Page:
Jorge Cortés


Current projects

CPS: Synergy: Triggered Control of Cyber Physical Systems with Communication Channels Constraints
NSF, Division of Computer and Network Systems (Sankar Basu)
NSF Award CNS-1446891


Cyber physical systems extend the range of human capabilities in an increasing number of areas with high societal and economic impact, such as smart energy, intelligent transportation, advanced manufacturing, health technology, and the environment. Their successful operation requires the close integration of communication, sensing, actuation, control, and computation. However, advances in these fields have not always been well coordinated. Information theory, for instance, studies how to compress and protect information communicating over noisy channels, while in many control applications communication is abstracted as being instantaneous and reliable. Information theory states that long codes are desirable to protect data against channel noise, but for control applications long delays are not acceptable. On the other hand, triggered control takes an opportunistic approach to decide when actions should be taken to make the system operate efficiently, but largely ignores the constraints imposed by communication. This proposal contributes to the development of a common theoretical framework for control and communication that merges information theory and triggered control to design robust and efficient protocols for the operation of cyber physical systems in real-world scenarios. Such a synergy can have a tremendous impact in the societal settings mentioned above, and at the same time will enable education of students and researchers to prepare themselves in this emerging area of technology. The aim of the project is to develop a synergistic approach to solving the problem of control under communication constraints and/or unreliable communication channels. The approaches to state-triggered control and information-theoretic control individually address different and somewhat complementary aspects of the problem. Therefore, by leveraging the strengths of the two approaches superior and more complete solutions to the problem may be designed. An information-theoretic approach to providing data rate theorems can be used to enrich state-triggered strategies to prescribe both when and what to transmit, as well as to quantify the average usage of the communication channel. Similarly, existing control strategies for unreliable and stochastic communication channels can be enriched by considering triggering mechanisms as additional communication constraints to be accounted for in the feedback loop while designing the communication channel.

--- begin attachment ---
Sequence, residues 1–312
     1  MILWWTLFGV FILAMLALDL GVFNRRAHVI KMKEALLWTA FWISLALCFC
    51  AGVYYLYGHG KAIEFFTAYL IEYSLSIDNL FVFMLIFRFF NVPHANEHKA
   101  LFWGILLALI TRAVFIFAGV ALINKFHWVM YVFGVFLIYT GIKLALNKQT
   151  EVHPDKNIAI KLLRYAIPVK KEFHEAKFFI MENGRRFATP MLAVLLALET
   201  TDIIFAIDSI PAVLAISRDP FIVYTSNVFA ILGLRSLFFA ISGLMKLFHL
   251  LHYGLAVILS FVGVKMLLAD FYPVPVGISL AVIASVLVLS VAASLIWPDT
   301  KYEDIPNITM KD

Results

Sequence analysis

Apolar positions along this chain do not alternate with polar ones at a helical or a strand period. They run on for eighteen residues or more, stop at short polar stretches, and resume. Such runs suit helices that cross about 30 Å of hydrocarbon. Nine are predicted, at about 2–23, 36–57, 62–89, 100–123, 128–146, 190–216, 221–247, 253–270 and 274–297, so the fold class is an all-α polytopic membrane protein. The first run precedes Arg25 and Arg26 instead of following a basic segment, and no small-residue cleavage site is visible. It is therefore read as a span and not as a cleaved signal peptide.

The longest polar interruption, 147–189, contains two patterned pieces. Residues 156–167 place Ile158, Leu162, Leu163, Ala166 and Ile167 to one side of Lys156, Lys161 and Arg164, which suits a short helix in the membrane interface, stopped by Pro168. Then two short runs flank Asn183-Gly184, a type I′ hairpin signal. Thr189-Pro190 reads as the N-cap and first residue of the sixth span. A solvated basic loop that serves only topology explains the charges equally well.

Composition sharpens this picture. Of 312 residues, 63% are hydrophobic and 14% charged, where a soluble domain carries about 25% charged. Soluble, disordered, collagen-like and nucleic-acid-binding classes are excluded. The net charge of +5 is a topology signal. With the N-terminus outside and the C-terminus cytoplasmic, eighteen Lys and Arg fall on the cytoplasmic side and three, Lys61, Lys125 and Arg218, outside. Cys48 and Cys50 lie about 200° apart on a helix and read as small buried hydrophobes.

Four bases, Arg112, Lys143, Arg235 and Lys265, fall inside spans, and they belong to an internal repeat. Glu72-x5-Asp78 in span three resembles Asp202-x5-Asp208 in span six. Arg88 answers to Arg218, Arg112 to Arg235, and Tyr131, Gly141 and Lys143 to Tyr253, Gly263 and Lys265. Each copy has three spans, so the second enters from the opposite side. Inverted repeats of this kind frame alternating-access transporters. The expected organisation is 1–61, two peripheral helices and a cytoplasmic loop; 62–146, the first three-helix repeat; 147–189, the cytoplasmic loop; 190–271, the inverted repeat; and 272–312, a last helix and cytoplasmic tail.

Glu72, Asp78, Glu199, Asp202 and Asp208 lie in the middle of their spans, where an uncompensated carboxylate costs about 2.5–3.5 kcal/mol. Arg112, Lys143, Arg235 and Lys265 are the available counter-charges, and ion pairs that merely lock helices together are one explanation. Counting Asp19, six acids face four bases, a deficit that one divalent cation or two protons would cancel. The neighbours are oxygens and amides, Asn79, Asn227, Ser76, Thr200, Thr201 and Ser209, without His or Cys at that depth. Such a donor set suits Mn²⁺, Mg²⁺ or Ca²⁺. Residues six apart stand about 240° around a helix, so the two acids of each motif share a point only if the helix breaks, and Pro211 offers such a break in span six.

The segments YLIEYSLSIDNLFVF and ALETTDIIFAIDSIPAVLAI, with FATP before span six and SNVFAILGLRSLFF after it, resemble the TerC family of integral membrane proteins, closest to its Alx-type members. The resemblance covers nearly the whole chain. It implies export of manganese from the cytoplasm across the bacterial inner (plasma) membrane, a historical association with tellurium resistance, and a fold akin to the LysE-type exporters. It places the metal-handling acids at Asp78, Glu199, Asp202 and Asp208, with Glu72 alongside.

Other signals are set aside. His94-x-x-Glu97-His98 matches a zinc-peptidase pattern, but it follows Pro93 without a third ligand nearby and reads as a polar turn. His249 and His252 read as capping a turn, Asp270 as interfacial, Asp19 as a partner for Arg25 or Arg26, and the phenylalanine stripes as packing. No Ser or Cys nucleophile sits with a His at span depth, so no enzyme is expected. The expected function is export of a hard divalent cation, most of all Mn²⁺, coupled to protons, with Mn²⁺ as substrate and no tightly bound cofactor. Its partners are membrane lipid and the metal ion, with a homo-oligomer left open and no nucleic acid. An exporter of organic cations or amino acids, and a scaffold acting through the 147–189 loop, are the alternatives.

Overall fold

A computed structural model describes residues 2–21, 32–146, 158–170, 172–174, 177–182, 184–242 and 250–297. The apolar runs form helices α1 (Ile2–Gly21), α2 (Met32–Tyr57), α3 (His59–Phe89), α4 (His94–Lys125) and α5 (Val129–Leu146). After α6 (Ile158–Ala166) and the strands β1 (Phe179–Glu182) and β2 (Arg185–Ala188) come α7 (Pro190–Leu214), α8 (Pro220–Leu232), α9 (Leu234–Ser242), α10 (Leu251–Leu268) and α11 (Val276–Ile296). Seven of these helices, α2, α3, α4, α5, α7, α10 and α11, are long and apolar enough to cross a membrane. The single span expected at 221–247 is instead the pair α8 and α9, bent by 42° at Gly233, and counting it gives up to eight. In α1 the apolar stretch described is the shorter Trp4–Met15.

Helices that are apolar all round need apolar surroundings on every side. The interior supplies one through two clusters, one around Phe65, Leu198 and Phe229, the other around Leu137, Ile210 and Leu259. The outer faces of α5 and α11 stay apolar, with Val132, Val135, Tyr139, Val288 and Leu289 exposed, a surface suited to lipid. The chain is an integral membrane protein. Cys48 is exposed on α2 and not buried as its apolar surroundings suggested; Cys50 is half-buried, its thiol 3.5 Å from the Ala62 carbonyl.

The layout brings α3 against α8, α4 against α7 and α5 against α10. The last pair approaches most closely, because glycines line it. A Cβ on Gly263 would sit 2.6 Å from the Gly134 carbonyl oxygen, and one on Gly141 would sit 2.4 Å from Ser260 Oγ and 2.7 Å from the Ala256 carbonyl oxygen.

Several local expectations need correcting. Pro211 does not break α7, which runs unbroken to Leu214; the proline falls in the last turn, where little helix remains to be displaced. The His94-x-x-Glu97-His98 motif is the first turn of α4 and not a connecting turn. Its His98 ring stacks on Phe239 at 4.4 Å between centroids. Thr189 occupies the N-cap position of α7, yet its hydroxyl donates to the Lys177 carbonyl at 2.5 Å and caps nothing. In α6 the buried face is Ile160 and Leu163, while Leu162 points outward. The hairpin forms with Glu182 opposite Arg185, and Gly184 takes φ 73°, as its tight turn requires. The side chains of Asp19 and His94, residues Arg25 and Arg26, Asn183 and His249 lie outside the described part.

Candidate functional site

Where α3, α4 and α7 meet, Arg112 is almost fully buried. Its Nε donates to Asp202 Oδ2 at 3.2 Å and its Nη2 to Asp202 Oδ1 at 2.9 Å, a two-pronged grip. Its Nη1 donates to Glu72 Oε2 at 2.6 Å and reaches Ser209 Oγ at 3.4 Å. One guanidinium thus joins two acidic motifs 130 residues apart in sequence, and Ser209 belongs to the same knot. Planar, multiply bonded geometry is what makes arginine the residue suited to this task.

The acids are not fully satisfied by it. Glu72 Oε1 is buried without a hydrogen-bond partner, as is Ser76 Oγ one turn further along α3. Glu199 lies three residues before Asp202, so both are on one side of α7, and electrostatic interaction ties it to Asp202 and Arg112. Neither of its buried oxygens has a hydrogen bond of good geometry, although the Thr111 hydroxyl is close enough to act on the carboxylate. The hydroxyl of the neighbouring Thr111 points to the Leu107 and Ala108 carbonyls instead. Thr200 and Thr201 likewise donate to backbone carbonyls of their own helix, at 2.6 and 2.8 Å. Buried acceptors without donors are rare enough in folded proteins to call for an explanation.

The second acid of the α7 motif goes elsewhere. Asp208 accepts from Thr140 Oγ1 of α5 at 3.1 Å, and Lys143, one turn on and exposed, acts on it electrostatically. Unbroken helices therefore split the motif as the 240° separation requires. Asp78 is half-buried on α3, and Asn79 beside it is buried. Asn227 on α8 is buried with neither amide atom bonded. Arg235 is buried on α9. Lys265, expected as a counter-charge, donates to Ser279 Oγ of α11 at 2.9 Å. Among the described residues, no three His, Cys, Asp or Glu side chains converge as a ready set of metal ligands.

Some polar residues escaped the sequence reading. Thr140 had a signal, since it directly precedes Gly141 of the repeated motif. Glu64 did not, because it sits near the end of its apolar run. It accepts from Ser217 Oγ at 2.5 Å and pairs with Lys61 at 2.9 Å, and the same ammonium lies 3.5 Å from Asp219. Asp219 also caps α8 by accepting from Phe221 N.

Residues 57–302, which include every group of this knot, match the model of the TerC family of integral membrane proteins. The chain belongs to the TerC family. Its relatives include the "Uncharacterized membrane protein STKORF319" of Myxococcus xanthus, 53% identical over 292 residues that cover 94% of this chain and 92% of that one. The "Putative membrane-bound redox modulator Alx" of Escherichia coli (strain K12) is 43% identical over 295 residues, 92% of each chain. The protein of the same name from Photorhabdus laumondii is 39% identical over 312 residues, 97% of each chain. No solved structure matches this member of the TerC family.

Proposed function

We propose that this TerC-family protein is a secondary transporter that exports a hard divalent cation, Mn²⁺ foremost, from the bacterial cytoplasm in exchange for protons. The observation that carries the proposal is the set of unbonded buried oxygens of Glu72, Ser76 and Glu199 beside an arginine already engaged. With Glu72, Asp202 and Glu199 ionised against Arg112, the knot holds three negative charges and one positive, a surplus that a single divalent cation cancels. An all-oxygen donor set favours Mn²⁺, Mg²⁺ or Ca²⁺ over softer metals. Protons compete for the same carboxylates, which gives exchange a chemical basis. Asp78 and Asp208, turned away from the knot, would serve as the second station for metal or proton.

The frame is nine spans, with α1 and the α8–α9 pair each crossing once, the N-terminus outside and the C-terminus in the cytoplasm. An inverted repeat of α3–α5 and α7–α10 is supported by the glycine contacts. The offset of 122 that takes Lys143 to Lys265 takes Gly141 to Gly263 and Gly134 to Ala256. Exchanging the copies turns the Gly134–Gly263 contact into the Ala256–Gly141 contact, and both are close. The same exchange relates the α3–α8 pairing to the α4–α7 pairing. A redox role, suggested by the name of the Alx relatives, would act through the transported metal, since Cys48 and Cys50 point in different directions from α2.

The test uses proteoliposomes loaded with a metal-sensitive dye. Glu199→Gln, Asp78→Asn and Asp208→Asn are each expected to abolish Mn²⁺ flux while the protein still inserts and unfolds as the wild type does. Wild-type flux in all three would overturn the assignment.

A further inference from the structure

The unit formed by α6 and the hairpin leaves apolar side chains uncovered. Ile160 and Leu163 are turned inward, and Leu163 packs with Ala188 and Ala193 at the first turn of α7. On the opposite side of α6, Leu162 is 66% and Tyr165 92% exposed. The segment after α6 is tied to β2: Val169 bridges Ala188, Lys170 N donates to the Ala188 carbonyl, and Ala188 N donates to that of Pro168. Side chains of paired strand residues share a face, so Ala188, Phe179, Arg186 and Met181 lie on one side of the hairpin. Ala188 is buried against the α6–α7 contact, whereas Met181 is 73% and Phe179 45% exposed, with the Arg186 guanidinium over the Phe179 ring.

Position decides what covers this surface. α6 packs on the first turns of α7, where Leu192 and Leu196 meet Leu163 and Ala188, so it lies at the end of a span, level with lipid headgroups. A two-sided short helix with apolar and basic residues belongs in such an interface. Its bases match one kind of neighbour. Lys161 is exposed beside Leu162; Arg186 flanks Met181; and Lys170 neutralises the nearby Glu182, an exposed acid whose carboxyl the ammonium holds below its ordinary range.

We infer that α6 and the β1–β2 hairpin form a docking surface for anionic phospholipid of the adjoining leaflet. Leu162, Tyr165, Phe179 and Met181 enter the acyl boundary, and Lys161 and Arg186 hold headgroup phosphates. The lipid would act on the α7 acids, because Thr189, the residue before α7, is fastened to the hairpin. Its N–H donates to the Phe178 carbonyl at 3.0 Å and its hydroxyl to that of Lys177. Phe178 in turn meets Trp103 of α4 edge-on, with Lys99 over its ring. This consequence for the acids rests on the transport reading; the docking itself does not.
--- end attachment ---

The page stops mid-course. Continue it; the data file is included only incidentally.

CPS: Breakthrough: Robust Team-Triggered Coordination for Real-Time Control of Networked Cyber-Physical Systems
NSF, Division of Computer and Network Systems (David Corman)
NSF Award CNS-1329619
Project webpage


The aim of this project is to lay down the foundations of a novel approach to real-time control of networked cyber-physical systems (CPS) that leverages their cooperative nature. Most networked controllers are not implementable over embedded digital computer systems because they rely on continuous time or synchronous executions that are costly to enforce. These assumptions are unrealistic when faced with the cyber-physical world, where the interaction between computational and physical components is multiplex, information acquisition is subject to error and delay, and agent schedules are asynchronous. Even without implementation obstacles, the periodic availability of information leads to a wasteful use of resources. Tuning controller execution to the task at hand offers the potential for great savings in communication, sensing, and actuation. The goal of this project is to bring this opportunity to fruition by combining event- and self-triggered control ideas into a unified approach that inherits the best of both models. The key conceptual novelty is for agents to make promises to one another about their future states and warn each other if they later decide to break them. The information provided by promises allows agents to autonomously determine when fresh information is needed, resulting in an efficient network performance.